Cafferty: "The thing that's most glaring in all of this is the conditions continue to deteriorate for the people who are victims in this and the efforts to do anything about it don't seem to be anywhere in sight. I want to read you something, Wolf. This is a quote fro an editorial (text on screen): 'A better leader would have flown straight to the disaster zone and announced the immediate mobilization of every available resource....The cool, confident, intuitive leadership Bush exhibited in his first term, particularly in the months ["immediately' on screen but not said by Cafferty] following 9/11 ["Sept. 11, 2001" on screen], has vanished.'
MSNBC's Keith Olbermann on Thursday night took a series of gratuitous shots as he strongly suggested George W. Bush and Condoleezza Rice have some personal culpability for shortcomings in federal action following Hurricane Katrina. On his Countdown show he asserted that "8,000 Guardsmen from Mississippi and Louisiana who might have helped, might have been deployed in the relief efforts are, in fact, in Iraq and not in Mississippi and Louisiana" and cited how Bush "claimed this morning, quote, 'I don't think anybody anticipated a breach of the levees,'" but countered that "there was a U.S. News and World Report article detailing just what would happen if they were breached that was published exactly six weeks ago." (So, if President Bush read an article in a magazine that would have changed anything? Isn't there a whole federal agency full of people charged with disaster relief?) And, in his cheapest shot, Olbermann pointed out how Rice "has cut short her vacation and made it back to her office just four days after New Orleans was besieged, just a day after she reportedly saw a comedy on Broadway in New York City."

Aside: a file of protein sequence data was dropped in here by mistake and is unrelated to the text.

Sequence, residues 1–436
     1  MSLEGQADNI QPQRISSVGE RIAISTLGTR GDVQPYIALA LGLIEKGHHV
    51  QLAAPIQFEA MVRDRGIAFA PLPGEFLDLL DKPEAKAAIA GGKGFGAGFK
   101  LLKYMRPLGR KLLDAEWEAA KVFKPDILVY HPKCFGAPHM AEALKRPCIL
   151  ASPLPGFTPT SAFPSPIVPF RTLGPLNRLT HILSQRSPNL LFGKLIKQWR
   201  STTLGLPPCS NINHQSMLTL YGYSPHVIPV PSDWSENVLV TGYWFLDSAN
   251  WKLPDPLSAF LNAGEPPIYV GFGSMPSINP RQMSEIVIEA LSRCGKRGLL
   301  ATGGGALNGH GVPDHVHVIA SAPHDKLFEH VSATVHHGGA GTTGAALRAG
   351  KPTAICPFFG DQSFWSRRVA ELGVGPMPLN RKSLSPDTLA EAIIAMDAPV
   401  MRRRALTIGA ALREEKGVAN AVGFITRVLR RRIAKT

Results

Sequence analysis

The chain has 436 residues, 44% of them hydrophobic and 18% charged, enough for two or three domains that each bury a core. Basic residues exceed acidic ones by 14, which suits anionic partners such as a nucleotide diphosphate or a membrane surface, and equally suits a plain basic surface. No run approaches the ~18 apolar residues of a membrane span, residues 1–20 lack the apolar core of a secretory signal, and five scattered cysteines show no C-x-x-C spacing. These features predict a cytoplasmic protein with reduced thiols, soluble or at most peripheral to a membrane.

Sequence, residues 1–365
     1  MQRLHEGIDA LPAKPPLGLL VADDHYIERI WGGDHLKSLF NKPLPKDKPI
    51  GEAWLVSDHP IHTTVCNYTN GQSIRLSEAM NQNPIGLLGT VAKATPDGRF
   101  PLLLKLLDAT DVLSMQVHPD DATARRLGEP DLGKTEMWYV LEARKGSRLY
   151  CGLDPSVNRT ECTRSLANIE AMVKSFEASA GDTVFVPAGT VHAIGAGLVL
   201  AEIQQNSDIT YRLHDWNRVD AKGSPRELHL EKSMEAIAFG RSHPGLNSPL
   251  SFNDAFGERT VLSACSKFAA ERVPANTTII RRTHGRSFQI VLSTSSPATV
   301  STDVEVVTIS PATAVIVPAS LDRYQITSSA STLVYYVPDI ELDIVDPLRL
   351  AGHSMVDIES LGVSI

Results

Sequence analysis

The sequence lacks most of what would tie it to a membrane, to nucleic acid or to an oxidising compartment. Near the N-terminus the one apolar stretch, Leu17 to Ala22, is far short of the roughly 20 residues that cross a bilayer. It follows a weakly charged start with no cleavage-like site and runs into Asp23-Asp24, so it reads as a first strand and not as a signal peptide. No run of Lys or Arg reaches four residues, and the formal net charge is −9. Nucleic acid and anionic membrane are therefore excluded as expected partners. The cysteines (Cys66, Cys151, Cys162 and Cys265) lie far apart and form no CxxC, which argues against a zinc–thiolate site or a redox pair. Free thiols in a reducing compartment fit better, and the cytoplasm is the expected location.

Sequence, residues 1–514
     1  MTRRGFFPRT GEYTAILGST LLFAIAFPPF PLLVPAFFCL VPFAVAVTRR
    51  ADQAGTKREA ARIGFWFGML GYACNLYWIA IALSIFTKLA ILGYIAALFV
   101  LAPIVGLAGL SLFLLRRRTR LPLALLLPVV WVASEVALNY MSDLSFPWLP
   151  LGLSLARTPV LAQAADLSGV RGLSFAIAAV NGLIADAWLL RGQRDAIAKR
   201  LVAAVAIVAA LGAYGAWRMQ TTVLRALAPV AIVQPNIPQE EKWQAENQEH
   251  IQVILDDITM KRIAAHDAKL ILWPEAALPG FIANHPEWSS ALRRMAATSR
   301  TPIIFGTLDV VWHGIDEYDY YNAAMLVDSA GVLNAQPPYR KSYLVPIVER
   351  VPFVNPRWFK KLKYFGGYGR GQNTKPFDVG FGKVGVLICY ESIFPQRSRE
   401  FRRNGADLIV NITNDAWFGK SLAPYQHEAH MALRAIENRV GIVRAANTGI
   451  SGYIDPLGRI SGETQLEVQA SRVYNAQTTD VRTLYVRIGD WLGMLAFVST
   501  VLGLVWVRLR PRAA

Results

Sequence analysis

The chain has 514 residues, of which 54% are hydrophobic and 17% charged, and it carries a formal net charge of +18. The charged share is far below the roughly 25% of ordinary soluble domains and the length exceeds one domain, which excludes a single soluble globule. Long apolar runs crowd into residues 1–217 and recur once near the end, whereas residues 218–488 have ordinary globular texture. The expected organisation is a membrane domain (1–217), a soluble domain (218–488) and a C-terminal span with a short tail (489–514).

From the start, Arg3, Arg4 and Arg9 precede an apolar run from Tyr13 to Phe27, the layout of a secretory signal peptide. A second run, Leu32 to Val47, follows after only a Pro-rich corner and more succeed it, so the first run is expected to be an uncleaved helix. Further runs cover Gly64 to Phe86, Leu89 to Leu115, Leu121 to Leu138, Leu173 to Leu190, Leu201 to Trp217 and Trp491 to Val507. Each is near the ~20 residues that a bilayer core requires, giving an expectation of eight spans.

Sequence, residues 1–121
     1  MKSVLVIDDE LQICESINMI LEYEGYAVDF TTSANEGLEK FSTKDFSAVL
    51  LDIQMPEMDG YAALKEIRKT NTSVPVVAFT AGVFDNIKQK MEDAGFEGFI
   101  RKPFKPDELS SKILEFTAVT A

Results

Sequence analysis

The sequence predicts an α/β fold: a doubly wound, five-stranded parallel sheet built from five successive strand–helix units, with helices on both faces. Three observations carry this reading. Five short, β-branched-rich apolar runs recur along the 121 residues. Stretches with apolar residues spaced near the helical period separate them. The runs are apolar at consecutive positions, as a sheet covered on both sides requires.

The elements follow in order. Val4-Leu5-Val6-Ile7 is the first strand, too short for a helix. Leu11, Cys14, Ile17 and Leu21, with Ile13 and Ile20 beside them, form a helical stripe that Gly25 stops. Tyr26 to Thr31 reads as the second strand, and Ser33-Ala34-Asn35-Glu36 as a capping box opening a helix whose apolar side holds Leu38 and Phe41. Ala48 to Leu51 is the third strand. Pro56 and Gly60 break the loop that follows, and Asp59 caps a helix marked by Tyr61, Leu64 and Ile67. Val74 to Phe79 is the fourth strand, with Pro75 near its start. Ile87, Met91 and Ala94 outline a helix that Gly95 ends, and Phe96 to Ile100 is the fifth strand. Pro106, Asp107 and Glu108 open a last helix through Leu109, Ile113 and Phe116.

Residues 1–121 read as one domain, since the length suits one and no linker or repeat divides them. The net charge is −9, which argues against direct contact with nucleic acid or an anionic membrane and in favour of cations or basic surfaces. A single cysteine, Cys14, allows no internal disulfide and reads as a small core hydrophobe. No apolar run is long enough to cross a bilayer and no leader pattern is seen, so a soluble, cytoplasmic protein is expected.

The Secretary of State's attendance at a play in Manhattan impeded rescue efforts in what way? What does the Secretary of State have to do with a hurricane recovery?
The MRC's Brad Wilmouth caught Olbermann's comments on the September 1 Countdown.
At about 8:20pm EDT, Olbermann opined: "The theme throughout this fifth day has been 'Where is the help? Where is the government?' The Secretary of Homeland Security says the government is sending 1,400 National Guardsmen a day to New Orleans, that 2,800 are already there. But 8,000 Guardsmen from Mississippi and Louisiana who might have helped, might have been deployed in the relief efforts are, in fact, in Iraq and not in Mississippi and Louisiana. About 40 percent of all U.S. troops there are drawn from the Guard and Reserves. While the President claimed this morning, quote, 'I don't think anybody anticipated a breach of the levees, there was a U.S. News and World Report article detailing just what would happen if they were breached that was published exactly six weeks ago."
Olbermann soon added: "The President plans to fly over the scene again tomorrow meeting with some local officials. We were told the Secretary of State has cut short her vacation and made it back to her office just four days after New Orleans was besieged, just a day after she reportedly saw a comedy on Broadway in New York City."